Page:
Other favorites by the same author: UNDERFOOT IN SHOW BUSINESS (Hanff's first book, published in 1961, is the humorous account of her unpredictable struggles to make it as a playwright in the world of showbusiness in New York.); Q'S LEGACY (an autobiography of how she came to be a writer in the first place: she searched for books on English Literature, starting with "A", and found nothing readable. There was only one "Q", ON THE ART OF WRITING, by Sir Arthur Quiller-Couch...she ends up losing it, looks up "Out of Print Books" and discovers the bookstore in London, located on 84 Charing Cross Road!); DUCHESS OF BLOOMSBURY STREET (the sequel to 84 C.C.Road); APPLE OF MY EYE (a celebration of the author's lifelong love of New York City - almost a walking tourist's guide).

LORD PETER: THE COMPLETE LORD PETER WIMSEY STORIES by Dorothy Sayers. I started with this colletion of shorter mysteries and then moved on to the longer novels with "love interest", Harriet Vane: STRONG POISON; HAVE HIS CARCASE; GAUDY NIGHT; BUSMAN'S HONEYMOON; THRONES, DOMINATIONS. If you ever read and enjoyed any Agatha Christie mysteries, you'll love Dorothy Sayers' stories of this 1920's London gentleman detective even more!

Summer is a great time to catch up on the Classics that you never read (or want to re-read) by Dickens, Jane Austen, Charlotte Bronte, C.S. Lewis, Tolkien, Tolstoy...


  1. Wendy-I read "The Help" a few months ago when it first came out, and LOVED it. I was moved in so many ways, especially since I have childhood memories from that era, and since my family is all from the south, I saw a little of it first hand. I love your blog, by the way, even if I am not in the same place that you are! Keep up the great work-love you-Meliisa

  2. Thanks for posting this Wendy. I will have to put in a plug for our church book club's favorite author. Her name is Elizabeth Goudge. She lived in England and wrote in the 40's and 50's primarily. Although most are out of print, you can get them on the internet as used books and our library system has a good many of them. We have have read quite a number of them as a group and love them all. Another favorite of mine are the novels by Wendell Berry. And my current favorite novels are The Guernsey Literary and Potato Peel Society and The Last Aloha, about the last queen monarch of Hawaii before America took over. (Can you tell I like to read??!!)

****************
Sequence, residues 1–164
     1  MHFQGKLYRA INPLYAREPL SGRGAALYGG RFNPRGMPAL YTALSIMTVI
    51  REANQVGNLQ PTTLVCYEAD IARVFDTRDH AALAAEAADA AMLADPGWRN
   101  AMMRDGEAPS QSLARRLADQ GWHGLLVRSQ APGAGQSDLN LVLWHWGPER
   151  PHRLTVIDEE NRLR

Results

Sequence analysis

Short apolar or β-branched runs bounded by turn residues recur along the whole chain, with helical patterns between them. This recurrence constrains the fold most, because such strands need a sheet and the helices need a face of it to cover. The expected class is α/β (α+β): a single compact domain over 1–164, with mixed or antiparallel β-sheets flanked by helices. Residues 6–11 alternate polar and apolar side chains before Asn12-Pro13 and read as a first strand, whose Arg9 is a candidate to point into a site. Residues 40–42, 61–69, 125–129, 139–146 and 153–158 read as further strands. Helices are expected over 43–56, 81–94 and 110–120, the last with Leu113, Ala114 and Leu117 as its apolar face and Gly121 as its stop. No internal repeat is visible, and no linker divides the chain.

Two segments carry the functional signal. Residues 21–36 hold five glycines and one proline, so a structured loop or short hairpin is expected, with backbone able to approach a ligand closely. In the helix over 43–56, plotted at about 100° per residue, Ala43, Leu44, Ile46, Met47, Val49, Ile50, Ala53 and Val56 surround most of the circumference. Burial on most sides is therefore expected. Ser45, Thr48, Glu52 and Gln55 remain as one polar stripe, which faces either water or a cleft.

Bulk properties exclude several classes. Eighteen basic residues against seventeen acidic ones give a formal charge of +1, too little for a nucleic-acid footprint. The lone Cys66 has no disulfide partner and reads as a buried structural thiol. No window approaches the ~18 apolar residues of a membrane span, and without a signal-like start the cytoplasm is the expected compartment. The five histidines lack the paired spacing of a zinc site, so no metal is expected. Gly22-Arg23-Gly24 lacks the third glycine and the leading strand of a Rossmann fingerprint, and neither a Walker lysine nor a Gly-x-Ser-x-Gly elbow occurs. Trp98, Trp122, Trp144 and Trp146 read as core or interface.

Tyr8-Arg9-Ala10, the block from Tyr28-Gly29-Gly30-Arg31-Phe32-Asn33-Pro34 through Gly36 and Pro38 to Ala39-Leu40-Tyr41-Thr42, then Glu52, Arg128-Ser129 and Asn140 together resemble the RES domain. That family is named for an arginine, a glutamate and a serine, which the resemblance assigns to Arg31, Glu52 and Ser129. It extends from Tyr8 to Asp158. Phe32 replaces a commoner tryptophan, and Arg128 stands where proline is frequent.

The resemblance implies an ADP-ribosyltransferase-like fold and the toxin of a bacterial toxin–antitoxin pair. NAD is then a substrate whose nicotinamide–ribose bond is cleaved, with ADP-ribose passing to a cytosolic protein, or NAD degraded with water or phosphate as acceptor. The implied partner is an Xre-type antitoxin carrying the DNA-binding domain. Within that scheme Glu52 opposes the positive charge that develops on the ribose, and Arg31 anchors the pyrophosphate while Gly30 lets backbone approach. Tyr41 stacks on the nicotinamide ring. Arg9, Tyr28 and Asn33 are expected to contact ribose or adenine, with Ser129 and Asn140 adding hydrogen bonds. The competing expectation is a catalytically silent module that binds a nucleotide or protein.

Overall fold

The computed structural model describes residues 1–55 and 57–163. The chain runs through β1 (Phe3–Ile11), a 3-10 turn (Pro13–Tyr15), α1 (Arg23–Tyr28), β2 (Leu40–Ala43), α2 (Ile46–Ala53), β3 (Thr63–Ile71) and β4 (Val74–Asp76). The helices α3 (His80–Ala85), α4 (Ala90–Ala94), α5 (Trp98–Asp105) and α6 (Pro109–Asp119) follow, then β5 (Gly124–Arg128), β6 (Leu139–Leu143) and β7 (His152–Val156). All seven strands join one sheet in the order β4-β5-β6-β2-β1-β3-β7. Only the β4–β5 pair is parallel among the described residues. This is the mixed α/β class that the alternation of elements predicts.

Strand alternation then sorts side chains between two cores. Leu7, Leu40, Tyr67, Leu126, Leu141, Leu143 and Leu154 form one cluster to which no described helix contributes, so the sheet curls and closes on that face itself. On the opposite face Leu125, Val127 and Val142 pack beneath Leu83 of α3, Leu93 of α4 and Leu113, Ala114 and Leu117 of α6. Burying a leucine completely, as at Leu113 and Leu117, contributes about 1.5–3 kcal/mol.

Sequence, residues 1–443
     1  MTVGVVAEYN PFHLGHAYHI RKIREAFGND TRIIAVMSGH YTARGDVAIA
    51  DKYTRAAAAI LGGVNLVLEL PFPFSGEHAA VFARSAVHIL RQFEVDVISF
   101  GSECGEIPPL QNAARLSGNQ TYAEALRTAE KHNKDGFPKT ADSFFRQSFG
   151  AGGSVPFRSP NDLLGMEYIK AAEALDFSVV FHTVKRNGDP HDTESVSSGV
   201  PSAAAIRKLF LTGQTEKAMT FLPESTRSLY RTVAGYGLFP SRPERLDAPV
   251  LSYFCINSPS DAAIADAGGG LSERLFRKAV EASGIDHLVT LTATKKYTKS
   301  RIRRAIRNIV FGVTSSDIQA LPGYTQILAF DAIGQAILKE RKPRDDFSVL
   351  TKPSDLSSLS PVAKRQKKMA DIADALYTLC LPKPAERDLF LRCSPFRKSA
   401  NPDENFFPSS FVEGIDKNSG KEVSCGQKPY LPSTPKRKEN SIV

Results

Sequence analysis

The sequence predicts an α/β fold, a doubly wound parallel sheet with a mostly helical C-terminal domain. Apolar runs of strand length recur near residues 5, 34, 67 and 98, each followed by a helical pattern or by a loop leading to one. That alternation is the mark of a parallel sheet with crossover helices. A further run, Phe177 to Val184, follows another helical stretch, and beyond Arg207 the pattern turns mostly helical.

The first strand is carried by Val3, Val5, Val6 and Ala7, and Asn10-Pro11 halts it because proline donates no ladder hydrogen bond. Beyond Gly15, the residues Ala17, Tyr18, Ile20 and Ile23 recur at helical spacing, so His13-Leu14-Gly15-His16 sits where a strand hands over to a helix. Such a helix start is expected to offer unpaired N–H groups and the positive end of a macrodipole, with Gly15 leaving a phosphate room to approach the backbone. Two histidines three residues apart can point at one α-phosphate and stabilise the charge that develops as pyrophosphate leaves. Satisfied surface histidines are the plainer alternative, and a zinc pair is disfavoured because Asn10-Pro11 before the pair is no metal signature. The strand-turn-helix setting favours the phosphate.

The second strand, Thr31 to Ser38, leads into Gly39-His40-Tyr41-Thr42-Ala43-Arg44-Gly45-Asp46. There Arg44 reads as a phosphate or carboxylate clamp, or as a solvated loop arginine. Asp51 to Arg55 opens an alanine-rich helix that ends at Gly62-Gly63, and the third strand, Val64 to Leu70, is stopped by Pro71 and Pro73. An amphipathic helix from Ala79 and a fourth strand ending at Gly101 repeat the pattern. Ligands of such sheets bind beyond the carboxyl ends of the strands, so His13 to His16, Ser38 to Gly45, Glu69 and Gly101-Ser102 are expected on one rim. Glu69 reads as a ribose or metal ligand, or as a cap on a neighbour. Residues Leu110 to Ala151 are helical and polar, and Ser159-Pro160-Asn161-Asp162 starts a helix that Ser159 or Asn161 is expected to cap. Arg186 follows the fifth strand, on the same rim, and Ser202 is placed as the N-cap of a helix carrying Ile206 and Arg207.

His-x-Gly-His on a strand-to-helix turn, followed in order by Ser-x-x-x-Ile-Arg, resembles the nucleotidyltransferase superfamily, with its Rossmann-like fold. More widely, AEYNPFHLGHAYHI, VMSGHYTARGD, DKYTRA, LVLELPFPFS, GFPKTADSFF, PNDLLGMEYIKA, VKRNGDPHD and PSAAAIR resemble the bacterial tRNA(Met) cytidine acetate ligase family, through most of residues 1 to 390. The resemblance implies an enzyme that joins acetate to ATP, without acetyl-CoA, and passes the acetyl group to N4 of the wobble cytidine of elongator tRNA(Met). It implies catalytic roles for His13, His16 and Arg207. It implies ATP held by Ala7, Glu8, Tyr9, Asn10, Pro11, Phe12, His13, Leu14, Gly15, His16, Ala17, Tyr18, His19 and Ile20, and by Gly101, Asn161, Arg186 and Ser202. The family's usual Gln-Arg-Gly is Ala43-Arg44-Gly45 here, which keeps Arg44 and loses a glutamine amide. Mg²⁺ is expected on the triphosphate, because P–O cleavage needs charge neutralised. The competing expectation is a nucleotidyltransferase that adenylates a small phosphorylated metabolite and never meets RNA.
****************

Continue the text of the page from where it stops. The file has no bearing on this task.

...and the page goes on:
3. Yes, Corinne! And those sound like great suggestions! I'm not familiar with any of those authors, so I think I have lots to look forward to!!! Thanks for the suggestions!

  4. Good call on Kristin Lavransdatter!

  5. Wendy.... I highly recommend anything by RICHARD PAUL EVANS. I just recently finished The Walk, his newest book that will be part of series. When I recommend him to other people, I describe him as a "cleaner" Nicolas Sparks as his characters do not sleep with each other before they are married. I particularly liked The Last Promise which was set in Italy, and even though this author is Mormon, he recognizes all kinds of Christian faiths in his books, and in this particular one the female main character is Roman Catholic and she stands by her beliefs even in the midst of temptation. The first book I read was The Sunflower and I couldn't finish it fast enough. The books are entertaining yet give a message of hope, keeping with your faith in God, and recognizing temptations or making mistakes but learning from them. Your mom has read a book by him that I recommended but I cannot remember which one. She said she liked it. I can hardly wait to read another. I liked his books so much that I went on a read a thon and read about 8 books of his in a row.. I still have a few more to pick up! I really really like his books and highly recommend them.

  6. umm... should have identified myself.... RICHARD PAUL EVANS - recommended by your Alaskan sister in law, Jen!

  7. Thanks for the great blog Wendy. I love the kids' books recommendations for the grandkids and the new book list for adults! I also read The Help and loved it. Couldn't put it down. Wish I had more time for reading. Now I have an even longer list of books I want to read!